1The British schooner “Three Friends,” sailing under a flag of truce, entered the harbor of Edenton, N.C., late in February 1782 and duly reported to the naval officer of that port. While awaiting his permission to “be admitted as a flag,” the vessel was seized by the Virginia brig “Grand Turk,” commanded by Captain Cornelius Schermerhorn, and the South Carolina brig “Dolphin,” commanded by Captain Madet Engs, and taken to South Quay on Blackwater River, Va. Thereupon, the captors, who were operating under letters of marque and reprisal issued through the governor of Virginia, appeared before the admiralty court of Virginia, in session at Williamsburg, to have the judges condemn the “Three Friends” as a lawful prize on the grounds that the schooner had violated the ordinances of Congress of 23 March 1776 and 27 March 1781 by trading illegally while operating under a flag of truce (JCC description begins Worthington Chauncey Ford et al., eds., Journals of the Continental Congress, 1774–1789 (34 vols.; Washington, 1904–37). description ends , IV, 229–32; XIX, 314–16; Virginia Gazette, and Weekly Advertiser, 2, 23, and 30 March 1782; George F. Emmons, comp., The Navy of the United States, from the Commencement, 1775 to 1853 … To Which Is Added a List of Private Armed Vessels … [Washington, 1853], pp. 135, 165). After overruling the plea of the captain of the “Three Friends” that the issue could be tried only in North Carolina, the court condemned the ship on 8 March 1782 and ordered that the vessel and her cargo be sold at public auction for cash to the highest bidder and that the owners, captain, and crew of the “Grand Turk” and the “Dolphin” each receive one half of the net proceeds. These amounted to £3,840, but the issue of dividing this sum was being negotiated as late as 30 April 1783 between attorneys representing the two captors (Calendar of Virginia State Papers description begins William P. Palmer et al., eds., Calendar of Virginia State Papers and Other Manuscripts (11 vols.; Richmond, 1875–93). description ends , III, 88; “Agreement of Thomas Walker and Henry Tazewell, 30 Apr. 1783,” MS in Virginia Historical Society).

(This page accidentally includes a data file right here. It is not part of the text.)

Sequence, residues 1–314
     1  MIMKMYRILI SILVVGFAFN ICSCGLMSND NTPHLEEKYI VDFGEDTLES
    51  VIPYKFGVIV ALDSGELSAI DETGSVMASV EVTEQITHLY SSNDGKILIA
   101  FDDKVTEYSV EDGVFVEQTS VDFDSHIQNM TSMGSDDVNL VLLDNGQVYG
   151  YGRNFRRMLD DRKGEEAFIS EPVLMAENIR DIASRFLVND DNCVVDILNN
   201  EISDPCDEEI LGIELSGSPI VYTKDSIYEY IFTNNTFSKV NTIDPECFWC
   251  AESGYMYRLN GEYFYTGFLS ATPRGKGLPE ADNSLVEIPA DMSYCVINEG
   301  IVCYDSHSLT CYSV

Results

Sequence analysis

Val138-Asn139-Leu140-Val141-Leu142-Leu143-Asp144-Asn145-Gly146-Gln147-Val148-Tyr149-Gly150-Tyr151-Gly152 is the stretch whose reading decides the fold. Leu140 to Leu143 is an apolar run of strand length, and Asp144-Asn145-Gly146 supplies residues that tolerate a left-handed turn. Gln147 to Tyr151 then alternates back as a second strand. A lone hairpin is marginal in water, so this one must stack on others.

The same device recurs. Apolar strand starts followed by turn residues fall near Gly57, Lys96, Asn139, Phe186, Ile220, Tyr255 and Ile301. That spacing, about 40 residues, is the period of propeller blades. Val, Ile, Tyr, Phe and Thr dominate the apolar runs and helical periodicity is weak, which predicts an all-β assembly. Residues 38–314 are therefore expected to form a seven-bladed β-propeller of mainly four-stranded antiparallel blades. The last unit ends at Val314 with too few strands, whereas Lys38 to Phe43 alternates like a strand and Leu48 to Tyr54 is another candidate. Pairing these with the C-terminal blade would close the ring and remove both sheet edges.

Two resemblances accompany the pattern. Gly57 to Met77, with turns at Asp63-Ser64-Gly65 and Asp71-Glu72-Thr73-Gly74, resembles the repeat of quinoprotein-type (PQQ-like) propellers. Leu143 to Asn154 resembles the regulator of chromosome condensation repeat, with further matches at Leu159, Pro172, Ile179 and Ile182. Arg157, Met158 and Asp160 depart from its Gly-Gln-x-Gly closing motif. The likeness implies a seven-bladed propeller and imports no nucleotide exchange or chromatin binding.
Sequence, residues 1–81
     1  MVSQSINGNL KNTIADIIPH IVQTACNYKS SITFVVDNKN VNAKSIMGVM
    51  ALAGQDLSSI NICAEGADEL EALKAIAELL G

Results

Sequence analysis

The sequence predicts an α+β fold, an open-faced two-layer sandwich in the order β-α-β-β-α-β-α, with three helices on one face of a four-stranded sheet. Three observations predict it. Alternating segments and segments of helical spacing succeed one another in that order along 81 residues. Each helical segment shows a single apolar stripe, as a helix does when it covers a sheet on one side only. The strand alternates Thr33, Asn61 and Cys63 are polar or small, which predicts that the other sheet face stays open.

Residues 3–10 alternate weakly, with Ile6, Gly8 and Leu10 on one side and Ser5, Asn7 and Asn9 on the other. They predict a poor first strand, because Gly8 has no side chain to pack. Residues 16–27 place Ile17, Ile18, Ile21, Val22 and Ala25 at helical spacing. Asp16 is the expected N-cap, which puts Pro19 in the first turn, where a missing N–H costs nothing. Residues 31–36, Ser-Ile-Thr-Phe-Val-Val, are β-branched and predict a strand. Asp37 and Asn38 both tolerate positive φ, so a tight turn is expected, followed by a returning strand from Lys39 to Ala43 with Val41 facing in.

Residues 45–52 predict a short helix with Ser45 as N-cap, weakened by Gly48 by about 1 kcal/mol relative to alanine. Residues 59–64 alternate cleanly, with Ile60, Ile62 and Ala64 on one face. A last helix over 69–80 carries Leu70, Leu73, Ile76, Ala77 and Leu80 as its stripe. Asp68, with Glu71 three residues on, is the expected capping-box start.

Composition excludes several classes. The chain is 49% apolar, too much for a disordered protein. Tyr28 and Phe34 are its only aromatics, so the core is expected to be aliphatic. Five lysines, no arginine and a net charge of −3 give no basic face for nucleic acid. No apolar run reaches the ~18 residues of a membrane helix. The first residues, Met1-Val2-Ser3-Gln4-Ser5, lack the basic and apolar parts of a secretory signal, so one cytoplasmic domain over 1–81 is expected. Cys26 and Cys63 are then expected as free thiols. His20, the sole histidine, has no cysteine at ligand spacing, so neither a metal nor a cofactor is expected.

Governor Harrison knew nothing of the capture until 7 March 1782, when he received an indignant letter from Governor Thomas Burke (ca. 1747–1783) of North Carolina in which the writer charged Captain Schermerhorn with insulting a sovereign state and threatened to repossess “Three Friends” by force if she were not returned at once to Edenton.